Lot Whitcomb Elementary gets new look, new principal
Not only does Lot Whitcomb Elementary have a new principal, a dedication and ribbon-cutting ceremony is scheduled Wednesday, Sept. 26, for the newly remodeled and expanded school in unincorporated Milwaukie.
Principal Angelica Serna said the changes to the school have taken place over several months, so she was pleased to hear how dramatic the public thought the changes were. Local voters overwhelmingly passed NCSD's $433 million capital construction bond measure in 2016, and nearly $15 million of the funding went to Lot Whitcomb, which was built in 1958.
"I've been living the projects all summer, so to see parents and kids' reactions on the first day of school was amazing," Serna said.
None of Whitcomb's students are going to classes in portables anymore after the construction of a four-classroom addition. With the previous library no bigger than a classroom, a major renovation of the existing building created an expanded library and a new community room at the front entrance, where visitors will be required to go through the front office as part of security enhancements funded by the bond.
Final touchups being constructed this month, before and after school, included the installation of acoustic paneling in the music room and the cafeteria, which will get a large wolf mascot.
Serna has been part of the community since 2016, when she began serving as assistant principal for both Whitcomb and Ardenwald. She said the dual role has helped her step up to being a principal.
"It taught me to be really diligent about coming back to things," she said. "Sometimes if you have that time, things work themselves out, especially between kids. We need to be thoughtful about making good decisions and taking the time to make good decisions."
Rather than sending kids to "time out," the school offers a curtained "pause area" where kids are encouraged to take deep breaths while doing a calming activity until they feel like they are back in the "green zone" ideal for learning in a classroom setting. Serna says that more students know when to go to the pause area, rather than being asked by teachers to go there.
"We're teaching students how to recognize their feelings and how to develop strategies for how their brains get them there," Serna said. "It's not seen as a consequence; it's seen as a place to regulate."
Now in its fourth year, the remodeled Wolf Den provides a chance for misbehaving students to regulate their feelings outside of the classroom with adult interaction staffed by specially trained instructional assistants. Techniques like volcano breaths and five-fingered breathing are taught in the Wolf Den.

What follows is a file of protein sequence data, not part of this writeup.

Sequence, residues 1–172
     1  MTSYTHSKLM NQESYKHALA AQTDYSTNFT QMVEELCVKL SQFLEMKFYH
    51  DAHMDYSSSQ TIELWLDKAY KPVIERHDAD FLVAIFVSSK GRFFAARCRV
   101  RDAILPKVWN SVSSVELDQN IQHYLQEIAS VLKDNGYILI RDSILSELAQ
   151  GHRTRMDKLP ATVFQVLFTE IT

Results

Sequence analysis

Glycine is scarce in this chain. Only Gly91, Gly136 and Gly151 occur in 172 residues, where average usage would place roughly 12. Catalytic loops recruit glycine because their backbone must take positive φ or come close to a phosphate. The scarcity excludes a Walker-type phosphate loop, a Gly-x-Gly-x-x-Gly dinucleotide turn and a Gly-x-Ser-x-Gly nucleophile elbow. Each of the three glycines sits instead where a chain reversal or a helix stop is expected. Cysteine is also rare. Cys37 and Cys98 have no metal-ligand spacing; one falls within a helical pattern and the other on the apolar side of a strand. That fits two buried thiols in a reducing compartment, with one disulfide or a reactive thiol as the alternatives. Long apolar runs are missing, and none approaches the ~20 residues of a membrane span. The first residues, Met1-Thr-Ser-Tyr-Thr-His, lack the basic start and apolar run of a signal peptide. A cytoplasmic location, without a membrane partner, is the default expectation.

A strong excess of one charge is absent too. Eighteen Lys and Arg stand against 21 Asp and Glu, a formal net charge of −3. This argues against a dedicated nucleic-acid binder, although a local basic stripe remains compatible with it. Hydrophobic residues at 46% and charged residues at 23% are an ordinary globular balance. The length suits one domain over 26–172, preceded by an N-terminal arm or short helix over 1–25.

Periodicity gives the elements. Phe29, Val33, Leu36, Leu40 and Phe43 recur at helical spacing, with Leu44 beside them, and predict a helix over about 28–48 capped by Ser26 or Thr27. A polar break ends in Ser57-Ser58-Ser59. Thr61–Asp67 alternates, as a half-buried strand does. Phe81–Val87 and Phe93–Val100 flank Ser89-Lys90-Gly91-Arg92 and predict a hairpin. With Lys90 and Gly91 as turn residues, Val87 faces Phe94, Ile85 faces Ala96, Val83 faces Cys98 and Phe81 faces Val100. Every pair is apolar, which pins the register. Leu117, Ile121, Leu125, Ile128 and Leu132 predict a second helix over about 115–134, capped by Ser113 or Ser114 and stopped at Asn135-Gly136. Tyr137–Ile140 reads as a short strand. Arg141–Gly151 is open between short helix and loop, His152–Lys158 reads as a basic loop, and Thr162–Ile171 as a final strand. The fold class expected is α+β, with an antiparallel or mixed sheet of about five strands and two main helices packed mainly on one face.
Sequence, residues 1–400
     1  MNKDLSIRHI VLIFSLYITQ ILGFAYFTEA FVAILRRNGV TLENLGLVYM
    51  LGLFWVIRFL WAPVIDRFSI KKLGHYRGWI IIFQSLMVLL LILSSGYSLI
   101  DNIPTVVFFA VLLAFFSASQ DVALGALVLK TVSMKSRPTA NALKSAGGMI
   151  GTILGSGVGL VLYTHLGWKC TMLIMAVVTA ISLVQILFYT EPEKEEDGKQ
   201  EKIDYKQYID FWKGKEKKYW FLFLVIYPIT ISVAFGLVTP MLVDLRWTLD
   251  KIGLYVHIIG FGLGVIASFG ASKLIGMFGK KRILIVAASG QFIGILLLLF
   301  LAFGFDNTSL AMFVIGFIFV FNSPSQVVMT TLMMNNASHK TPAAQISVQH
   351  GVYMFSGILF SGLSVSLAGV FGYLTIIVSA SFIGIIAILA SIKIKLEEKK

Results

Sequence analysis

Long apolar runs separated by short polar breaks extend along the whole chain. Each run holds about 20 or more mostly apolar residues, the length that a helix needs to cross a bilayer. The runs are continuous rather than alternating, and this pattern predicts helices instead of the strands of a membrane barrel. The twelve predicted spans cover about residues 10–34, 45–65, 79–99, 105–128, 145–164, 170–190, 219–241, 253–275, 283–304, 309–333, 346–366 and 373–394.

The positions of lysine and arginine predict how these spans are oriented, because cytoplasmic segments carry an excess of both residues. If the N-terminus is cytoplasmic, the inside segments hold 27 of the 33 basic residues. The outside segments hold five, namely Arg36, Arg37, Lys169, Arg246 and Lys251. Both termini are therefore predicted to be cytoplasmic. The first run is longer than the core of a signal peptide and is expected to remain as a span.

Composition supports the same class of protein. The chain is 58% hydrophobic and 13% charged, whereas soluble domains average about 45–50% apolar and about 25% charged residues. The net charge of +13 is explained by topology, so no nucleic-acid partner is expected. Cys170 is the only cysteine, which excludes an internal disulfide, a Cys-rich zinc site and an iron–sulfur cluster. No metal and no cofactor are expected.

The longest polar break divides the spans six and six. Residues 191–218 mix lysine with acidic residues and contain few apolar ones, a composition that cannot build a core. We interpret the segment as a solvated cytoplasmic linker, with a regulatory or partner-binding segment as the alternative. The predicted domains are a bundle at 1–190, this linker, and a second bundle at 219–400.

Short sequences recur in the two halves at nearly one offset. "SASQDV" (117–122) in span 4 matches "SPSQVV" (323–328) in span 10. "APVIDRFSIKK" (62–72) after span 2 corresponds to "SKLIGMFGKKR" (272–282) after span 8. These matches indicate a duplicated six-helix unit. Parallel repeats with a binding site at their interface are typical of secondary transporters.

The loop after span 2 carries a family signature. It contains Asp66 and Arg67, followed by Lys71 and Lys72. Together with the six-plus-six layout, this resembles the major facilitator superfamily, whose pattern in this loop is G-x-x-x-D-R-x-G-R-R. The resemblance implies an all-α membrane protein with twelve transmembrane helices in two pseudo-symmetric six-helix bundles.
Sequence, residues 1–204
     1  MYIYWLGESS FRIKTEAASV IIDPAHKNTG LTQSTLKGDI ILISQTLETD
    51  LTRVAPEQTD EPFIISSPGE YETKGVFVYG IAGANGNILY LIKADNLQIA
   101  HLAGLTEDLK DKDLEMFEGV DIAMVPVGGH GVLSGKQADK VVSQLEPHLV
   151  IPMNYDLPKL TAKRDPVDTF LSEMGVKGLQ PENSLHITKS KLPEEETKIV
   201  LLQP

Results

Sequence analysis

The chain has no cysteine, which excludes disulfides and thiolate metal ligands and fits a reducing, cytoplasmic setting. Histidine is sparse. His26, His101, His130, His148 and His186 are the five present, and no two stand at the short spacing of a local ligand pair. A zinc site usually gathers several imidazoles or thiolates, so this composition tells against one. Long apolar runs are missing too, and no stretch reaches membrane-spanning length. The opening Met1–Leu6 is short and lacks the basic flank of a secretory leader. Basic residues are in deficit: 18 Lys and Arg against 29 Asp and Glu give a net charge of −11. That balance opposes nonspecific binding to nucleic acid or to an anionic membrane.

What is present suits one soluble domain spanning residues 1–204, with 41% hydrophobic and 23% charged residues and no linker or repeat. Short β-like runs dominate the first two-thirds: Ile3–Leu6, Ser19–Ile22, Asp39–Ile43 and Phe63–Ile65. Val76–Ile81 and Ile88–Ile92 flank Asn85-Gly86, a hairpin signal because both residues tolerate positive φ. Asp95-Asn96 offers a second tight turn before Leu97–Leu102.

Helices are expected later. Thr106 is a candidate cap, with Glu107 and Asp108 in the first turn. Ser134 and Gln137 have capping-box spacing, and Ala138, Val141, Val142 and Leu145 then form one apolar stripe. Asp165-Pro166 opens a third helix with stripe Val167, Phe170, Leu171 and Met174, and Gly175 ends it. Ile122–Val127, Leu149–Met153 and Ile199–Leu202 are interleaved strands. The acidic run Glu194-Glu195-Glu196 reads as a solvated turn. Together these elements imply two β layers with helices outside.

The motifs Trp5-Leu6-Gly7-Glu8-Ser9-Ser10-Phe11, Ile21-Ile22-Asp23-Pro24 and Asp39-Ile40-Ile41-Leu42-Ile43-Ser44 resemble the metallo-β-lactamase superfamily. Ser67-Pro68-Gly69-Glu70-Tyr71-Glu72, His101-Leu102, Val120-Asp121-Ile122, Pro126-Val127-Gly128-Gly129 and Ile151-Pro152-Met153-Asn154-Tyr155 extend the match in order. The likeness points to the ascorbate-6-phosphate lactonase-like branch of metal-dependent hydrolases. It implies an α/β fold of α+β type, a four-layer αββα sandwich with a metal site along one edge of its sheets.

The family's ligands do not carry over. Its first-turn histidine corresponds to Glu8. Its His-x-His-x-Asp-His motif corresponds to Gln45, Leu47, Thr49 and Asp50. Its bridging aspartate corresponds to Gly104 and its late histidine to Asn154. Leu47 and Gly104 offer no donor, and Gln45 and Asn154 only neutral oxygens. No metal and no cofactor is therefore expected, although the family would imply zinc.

"We want kids in their class learning, and we also need to recognize kids have their feelings and give them strategies for how to deal with those," Serna said.
Serna worked at Head Start as an English language development instructional assistant while getting an associate's degree in early childhood education at Mt. Hood Community College. A teacher for a total of 12 years before entering administration, she taught kindergarten in Spanish for two years in Woodburn while getting a master's degree in education at Portland State University.
In 2010, while teaching second and third grade for 10 years in Gresham, she achieved the prestigious National Board Certification from the National Board for Professional Teaching Standards, a voluntary assessment program that is designed to develop, recognize and retain accomplished teachers through a performance-based assessment that typically takes one to three years to complete.
"Families are a part of our team, so that outreach I'm really comfortable with," Serna said. "Everyone is a product of someone's support, and it's really important to me that we see each other as part of that team."
Serna learned how to manage construction changes as Ardenwald recently went through a new system for student pickup and drop-off by parents.
"We talked a lot about the why we're going to change and the how we're going to change, and we made sure we had the presence of the staff to help guide everyone through the changes," she said. "It's been all hands on deck these first couple of weeks, and already parents are getting it (here at Whitcomb)."
Boys & Girls Club members continue to provide after-school programs at Whitcomb, and a Play Works coach comes during the day to teach playground games.
Whitcomb has become the district's third-dual immersion program in English and Spanish, following El Puente and Riverside elementary schools. Erika Ramirez Novelo is teaching the first cohort of dual-immersion for kindergarteners, and Whitcomb plans to conduct additional dual-immersion classes each of the next five school years.
"It's fun to see those students who are speaking Spanish at home and those who are speaking English at home trying out each other's languages," Serna said.
As someone who is bilingual herself, Serna said it "feels validating to share your concern to the person who needs to hear your concern in your own language."
When not working, Serna loves camping with her family at Timothy Lake, where they take their kayak and stand-up paddle board.